Thought Paperclip offers storage path and url customization, however, sometimes it just cannot satisfy some situation. For example, when you have a complex path/url generation logic that must be handle outside the model and you don't know the path/url until the last moment before creating model object. In this case, maybe the only way is "PASS" them into the model object, just like passing arguments in C/C++ or Java.

I tried few ways to solve this problem, here I'm going to show you what's NOT gonna work and why and finally what's gonna work it out.

Say there're 2 dependent models
A -> B
which means A owns B. Assume A and B are both literally singular. B has attachement called file. The attachement's path and url will be calculated in controller, in this case, not model .

#In some_controller.rb

class SomeController < ApplicationController
  def some_method
    @a = A.create!
    b =
    b.file =
    b.store_path = path #string

    b.store_url  = url  #string!
    puts b.file.path  # equals to path, no problem

    puts b.file.url   # equals to url, no problem


#In B.rb

class B < ActiveRecord::Base
# automatically generate setter and getters for @store_path and @store_url

# By the way, @store_path directly access the instance variable while self.store_path calls the getter method

attr_accessor :store_path, :store_url 

has_attached_file :file,
                  :path => :get_path
                  :url  => :get_url
  def get_path
  def get_url


It works. file was stored in path. Perfect. But when we retrieve from database, e.g.

# for example, in another_controller.rb

class AnotherController < ApplicationController
  def some_method
    b = B.find_by_id(params[:id]) 
    b.file.path # wrong, it becomes to paperclip's default path

    b.file.url  # wrong, it becomes to paperclip's default url


What the hell are these things happens! Go checkout your disk, file is exactly stored in the location. But you can't find them from the database.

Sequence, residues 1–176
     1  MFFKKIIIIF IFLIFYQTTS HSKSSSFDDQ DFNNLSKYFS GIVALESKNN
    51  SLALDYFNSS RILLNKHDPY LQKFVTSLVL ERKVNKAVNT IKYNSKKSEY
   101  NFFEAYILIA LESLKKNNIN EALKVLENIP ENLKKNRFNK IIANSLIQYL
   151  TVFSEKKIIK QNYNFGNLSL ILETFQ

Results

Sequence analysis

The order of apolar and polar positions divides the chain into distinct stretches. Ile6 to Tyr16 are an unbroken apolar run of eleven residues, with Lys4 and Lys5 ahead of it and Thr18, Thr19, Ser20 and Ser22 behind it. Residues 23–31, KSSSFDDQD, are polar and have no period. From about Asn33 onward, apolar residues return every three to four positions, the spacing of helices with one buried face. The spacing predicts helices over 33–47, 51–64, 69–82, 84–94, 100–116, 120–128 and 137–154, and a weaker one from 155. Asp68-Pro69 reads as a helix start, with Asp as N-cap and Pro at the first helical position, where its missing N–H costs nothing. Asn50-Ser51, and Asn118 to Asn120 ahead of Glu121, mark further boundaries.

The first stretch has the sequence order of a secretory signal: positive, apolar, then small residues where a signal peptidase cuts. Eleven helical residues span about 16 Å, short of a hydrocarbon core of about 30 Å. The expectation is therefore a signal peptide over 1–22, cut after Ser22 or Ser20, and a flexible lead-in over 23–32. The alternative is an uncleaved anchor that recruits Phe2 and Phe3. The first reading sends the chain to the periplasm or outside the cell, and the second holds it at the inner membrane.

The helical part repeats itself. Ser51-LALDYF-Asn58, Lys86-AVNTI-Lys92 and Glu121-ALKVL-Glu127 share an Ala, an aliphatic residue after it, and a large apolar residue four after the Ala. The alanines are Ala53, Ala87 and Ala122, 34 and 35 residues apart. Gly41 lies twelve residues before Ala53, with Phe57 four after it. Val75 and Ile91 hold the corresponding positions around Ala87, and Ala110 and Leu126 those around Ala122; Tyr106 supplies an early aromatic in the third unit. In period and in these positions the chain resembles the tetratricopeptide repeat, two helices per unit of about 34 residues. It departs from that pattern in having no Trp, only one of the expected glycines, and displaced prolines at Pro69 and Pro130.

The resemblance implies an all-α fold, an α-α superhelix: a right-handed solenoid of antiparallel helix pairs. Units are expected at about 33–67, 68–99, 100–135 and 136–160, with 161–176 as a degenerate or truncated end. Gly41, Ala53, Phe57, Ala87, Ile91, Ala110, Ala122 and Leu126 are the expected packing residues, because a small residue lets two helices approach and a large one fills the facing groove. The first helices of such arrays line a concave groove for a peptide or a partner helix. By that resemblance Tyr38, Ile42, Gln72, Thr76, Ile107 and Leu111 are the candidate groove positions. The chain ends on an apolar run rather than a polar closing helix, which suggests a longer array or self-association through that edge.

The reason is: @store_path and @store_url are instance variables and they're just not exist in the new object initiated by B.find_by_id(params[:id]). Unless you assign values to them after you create a new object, or it will be nil, thus when you tried to access file.path or file.url, paperclip will send back default value of course. So you got file stored properly but cannot be accessed from database forever. The key for paperclip to use dynamically generated arguments is:

Just save the storage information in database.

It's pretty straight forward. Cost extra 2 columns, which is the price I really don't want to pay at the begining. But well... it's alright.

This phenomenant like the dangling object in C/C++, where a pointer is pointing to some object, then once the pointer's value changes, you could never get a way to access what it was pointed to -- the object.



  1. 啟動GoAgent (支援Windows/OSX/Linux,只是啟動方式不一樣)
  2. 在瀏覽器設定proxy server


下載GoAgent:放心,這沒病毒,無需安裝,Windows使用者請開啓local資料夾底下的goagent.exe (記得用系統管理員身分執行),然後會出現一個黑色小視窗,把他縮到右下角工具列。OSX/Linux的使用者請用 python執行,記得加sudo。





到chrome webstore下載並安裝外掛SwitchySharp,安裝好之後網址列旁邊會多一顆地球的按鈕。然後點擊地球 -> Options -> 到Import/Export頁面 -> Restore from File -> 載入剛剛goagent資料夾裡的local資料夾裡的SwitchyOptions.bak,如下圖所示



ps: 日本VPN


Few webcams you bought from 3C-market support linux, pretty sad. However there's a way lead you to the heaven:


Here is it: fswebcam

It's a light-weight open source program for people to get image from webcams which support V4L or V4L2 protocal. Just install it and type

$>fswebcam -help
$>fswebcam -r 1024x768 hello_webcam.jpg

Try it!